In this study, we examined how DNA metabarcoding data could be influenced by the amount of the soil subjected to DNA extraction. We collected soil in forest and farmland (soybean field) ecosystems and then performed DNA extraction at five levels of soil-amount settings (0.5, 2, 5, 10, and 20 g). Given the large body size and mobility of nematodes (Ferris et al., 1990; Ettema, 1998; Liu et al., 2019), DNA extraction protocols optimized for bacteria may lead to the failure of nematode diversity profiling (Wiesel et al., 2015). Thus, we tested the hypothesis that standard DNA extraction protocol optimized for bacteria (i.e., extraction from 0.5 g of soil) could result in potential biases in the estimation of nematode diversity. Specifically, based on the Illumina sequencing outputs, α- and β-diversity estimates were compared among the five soil-amount classes for each ecosystem type (forest or farmland) for each of the bacterial 16S rRNA, fungal ITS, and nematode 18S rRNA regions. We then explored the minimum soil amount enabling the simultaneous analysis of bacteria, fungi, and nematodes. The results shown in this study will provide a basis for designing DNA metabarcoding protocols commonly applicable to major taxa in soil ecosystems.
Materials and methods
Study site and soil sampling
Soil samples were collected on October 29, 2021, from a temperate secondary forest (34.972 °N, 135.959 °E) and an experimental soybean field (34.972 °N, 135.958 °E) of the Center for Ecological Research, Kyoto University. In the secondary forest, which was dominated by Quercus serrata (Fagaceae), litter on the soil surface was removed before sampling. Then, at each of the eight sampling positions set at 8-m intervals, three soil core (diameter = 3 cm, depth = 10 cm) samples collected within a 2 m × 18 m area (32 m2) were mixed in a plastic bag. The eight soil samples (ca. 100 g/sample) were then immediately stored in a cold storage bag upon sampling at respective positions in order to avoid the degradation of DNA. Likewise, in the soybean field, soil cores were collected at each of the eight sampling positions set at > 8-m intervals within a 2 m × 18 m area (32 m2). The eight forest soil samples and the eight soybean-field soil samples were preserved at –25°C in the laboratory until DNA extraction.
Each soil sample was well mixed and subjected to the following DNA extraction processes with five alternative soil amount settings: specifically, DNA extraction from 0.5, 2, 5, 10, and 20 g of wet soil was conducted. For the 0.5-g setting, soil DNA was directly processed with Extrap Soil DNA Kit Plus Ver.2 (BioDynamics Laboratory Inc., Tokyo) based on the beads-beating protocol provided by the manufacturer. For the remaining four settings (2, 5, 10, and 20 g), each soil sample soaked in extraction buffer [10 mM Tris–HCl (pH 8.5), 1 mM EDTA, 1% SDS] (2, 5, 10, and 20 ml for the 2, 5, 10, and 20 g setting, respectively) was shaken with 4-, 1-, and 0.5-mm zirconium beads (Asone, Osaka) in a 50-ml centrifuge tube at 6.5 m/sec for 60 s using FastPrep 24 (MP Biomedicals, United States). After centrifugation, 500 μl of the supernatant was subjected to DNA extraction using Extrap Soil DNA Kit without the default beads-beating step. In total, 80 DNA template samples were obtained [2 ecosystem types (forest or soybean field) × 8 samples × 5 soil-amount classes].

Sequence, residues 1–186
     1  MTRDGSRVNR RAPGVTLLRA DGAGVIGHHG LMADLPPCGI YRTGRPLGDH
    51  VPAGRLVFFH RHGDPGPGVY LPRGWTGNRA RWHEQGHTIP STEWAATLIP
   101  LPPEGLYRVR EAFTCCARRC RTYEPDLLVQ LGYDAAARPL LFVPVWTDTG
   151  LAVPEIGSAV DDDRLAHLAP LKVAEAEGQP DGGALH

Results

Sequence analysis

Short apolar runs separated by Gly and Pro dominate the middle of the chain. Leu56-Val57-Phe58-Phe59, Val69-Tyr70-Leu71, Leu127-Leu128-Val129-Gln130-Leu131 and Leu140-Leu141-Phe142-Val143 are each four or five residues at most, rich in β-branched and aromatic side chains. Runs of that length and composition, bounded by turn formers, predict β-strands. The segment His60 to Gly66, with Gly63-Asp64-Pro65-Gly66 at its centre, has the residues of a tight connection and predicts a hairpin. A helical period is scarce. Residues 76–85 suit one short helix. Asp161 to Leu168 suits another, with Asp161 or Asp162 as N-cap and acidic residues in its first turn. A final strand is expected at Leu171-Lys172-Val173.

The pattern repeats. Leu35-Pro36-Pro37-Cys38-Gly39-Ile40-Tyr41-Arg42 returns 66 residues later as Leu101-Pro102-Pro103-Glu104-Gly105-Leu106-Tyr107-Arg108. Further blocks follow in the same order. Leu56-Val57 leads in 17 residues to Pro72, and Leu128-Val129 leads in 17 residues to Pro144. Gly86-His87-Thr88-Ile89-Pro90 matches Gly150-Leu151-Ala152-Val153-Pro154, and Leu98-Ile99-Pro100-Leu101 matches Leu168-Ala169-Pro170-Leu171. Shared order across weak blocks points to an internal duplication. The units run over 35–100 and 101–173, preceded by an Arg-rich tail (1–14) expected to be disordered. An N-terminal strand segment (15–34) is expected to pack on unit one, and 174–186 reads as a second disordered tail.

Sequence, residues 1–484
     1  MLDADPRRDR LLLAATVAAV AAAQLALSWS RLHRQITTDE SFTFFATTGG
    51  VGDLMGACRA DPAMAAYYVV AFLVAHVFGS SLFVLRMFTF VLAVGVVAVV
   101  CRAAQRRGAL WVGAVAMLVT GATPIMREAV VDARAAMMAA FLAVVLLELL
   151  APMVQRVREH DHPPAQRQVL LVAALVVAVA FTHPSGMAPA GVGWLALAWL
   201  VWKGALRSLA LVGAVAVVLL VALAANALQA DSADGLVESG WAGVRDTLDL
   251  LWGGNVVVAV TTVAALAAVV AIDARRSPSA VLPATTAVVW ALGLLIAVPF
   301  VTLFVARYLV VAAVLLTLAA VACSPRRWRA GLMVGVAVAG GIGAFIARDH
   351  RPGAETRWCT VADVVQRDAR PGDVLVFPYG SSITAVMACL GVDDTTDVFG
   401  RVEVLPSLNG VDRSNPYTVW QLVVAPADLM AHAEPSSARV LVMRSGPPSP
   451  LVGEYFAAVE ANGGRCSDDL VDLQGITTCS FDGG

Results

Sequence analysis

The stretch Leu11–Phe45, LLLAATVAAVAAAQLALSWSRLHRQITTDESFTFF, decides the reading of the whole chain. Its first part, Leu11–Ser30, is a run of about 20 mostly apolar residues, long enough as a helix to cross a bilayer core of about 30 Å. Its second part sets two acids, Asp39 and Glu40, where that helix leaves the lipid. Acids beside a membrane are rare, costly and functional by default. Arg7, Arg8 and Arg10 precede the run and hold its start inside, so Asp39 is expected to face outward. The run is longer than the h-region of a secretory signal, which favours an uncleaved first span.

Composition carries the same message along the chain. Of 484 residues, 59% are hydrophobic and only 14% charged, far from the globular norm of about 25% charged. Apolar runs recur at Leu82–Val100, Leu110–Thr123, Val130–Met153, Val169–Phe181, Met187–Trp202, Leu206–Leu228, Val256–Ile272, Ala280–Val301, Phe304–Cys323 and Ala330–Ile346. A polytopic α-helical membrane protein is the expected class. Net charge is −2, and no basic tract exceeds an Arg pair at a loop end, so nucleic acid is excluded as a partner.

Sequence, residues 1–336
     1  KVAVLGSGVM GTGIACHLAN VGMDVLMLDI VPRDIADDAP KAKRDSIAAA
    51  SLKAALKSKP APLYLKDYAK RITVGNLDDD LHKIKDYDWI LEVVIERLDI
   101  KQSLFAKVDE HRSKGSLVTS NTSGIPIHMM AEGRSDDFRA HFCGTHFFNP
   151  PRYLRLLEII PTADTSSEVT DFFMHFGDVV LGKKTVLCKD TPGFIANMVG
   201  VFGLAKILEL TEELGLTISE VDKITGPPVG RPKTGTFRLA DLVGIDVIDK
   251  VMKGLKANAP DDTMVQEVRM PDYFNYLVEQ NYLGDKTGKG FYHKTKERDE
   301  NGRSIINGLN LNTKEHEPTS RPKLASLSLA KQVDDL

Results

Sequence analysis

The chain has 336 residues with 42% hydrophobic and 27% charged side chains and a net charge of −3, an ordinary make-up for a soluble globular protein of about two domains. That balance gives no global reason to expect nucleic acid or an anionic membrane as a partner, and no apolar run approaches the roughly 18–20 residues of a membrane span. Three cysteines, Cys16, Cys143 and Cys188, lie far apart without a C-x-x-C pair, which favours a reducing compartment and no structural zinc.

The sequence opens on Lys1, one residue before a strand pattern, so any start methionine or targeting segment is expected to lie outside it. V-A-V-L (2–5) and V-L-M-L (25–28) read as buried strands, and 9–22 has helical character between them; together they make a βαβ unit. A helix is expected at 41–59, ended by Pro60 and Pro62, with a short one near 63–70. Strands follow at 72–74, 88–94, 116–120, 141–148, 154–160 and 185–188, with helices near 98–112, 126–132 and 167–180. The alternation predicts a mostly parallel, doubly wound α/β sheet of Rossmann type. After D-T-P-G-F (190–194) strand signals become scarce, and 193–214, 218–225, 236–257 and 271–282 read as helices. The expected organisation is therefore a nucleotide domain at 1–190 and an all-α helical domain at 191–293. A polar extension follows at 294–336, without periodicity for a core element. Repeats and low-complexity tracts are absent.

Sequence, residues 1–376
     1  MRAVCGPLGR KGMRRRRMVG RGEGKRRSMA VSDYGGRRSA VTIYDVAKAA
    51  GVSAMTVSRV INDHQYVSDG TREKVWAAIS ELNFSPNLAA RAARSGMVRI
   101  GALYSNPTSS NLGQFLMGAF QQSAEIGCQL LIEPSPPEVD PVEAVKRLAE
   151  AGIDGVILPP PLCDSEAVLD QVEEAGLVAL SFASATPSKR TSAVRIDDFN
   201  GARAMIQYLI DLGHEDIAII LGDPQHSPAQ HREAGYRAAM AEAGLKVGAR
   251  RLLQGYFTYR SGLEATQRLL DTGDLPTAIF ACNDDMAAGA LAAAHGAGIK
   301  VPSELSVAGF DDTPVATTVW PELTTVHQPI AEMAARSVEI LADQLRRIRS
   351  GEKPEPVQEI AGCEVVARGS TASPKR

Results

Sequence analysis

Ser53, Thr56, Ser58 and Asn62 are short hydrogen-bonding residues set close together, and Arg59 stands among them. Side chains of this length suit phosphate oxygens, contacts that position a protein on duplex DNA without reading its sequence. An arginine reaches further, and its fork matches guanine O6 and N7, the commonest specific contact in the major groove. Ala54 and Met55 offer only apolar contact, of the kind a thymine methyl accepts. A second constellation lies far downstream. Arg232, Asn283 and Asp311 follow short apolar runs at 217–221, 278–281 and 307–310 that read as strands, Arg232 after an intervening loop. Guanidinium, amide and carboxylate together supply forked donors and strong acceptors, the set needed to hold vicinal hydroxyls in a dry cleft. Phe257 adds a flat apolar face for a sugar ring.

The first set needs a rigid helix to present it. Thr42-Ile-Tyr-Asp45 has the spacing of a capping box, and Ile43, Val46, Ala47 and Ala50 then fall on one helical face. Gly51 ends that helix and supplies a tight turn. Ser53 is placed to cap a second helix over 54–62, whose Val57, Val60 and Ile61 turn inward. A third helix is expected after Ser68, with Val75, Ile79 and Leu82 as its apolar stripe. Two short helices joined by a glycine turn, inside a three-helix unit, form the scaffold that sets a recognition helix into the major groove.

DNA amplification and sequencing
Profiling of biodiversity was performed by targeting bacteria, fungi, and nematodes. For the amplification of the 16S rRNA V4 region of bacteria, the set of the forward primer 515f (Caporaso et al., 2011) and the reverse primer 806rB (Apprill et al., 2015) were used. The primers were fused with 3–6-mer Ns for improved Illumina sequencing quality (Lundberg et al., 2013) and Illumina sequencing primers as detailed in a previous study (Toju et al., 2019). PCR was performed at a 10-μl-scale protocol of KOD ONE PCR Master Mix (TOYOBO, Osaka) with the temperature profile of 35 cycles at 98°C for 10 s (denaturation), 60°C for 5 s (annealing of primers), and 68°C for 5 s (extension), and a final extension at 68°C for 2 min. The ramp rate through the thermal cycles was set to 1°C/sec to prevent the generation of chimeric sequences (Stevens et al., 2013). Taking into account the inference of a previous study on high-throughput sequencing technologies (Smith and Peay, 2014), no PCR replication was set.
Likewise, the ITS1 region of fungi was amplified using the set of the forward primer ITS1F_KYO1 and the reverse primer ITS2_KYO2 (Toju et al., 2012). PCR was performed using the Illumina-sequencing fusion primer design mentioned above at a 10-μl-scale protocol of KOD ONE PCR Master Mix (TOYOBO, Osaka) with the temperature profile of 35 cycles at 98°C for 10 s, 52°C for 5 s, and 68°C for 5 s, and a final extension at 68°C for 2 min (ramp rate = 1°C/sec; no PCR replication).
For the amplification of nematodes, we redesigned the primer sets targeting nuclear 18S rRNA region (Kenmotsu et al., 2021) to improve taxonomic coverage. Specifically, using the aligned 18S rRNA sequences of major nematode taxa [downloaded from the NCBI database2 on November 8, 2020; Supplementary Data 2], we designed the new forward primer NF1_rv (5′- GGT GCA TGG CCG TTC TTA GTT –3′) and reverse primer Nem18SV8_rv (5′- GTG TGT ACA AAK GGC AGG GAC –3′). The PCR for Illumina sequencing was performed with the same thermal cycle protocol used in the analysis of the fungal ITS1 region (no PCR replication).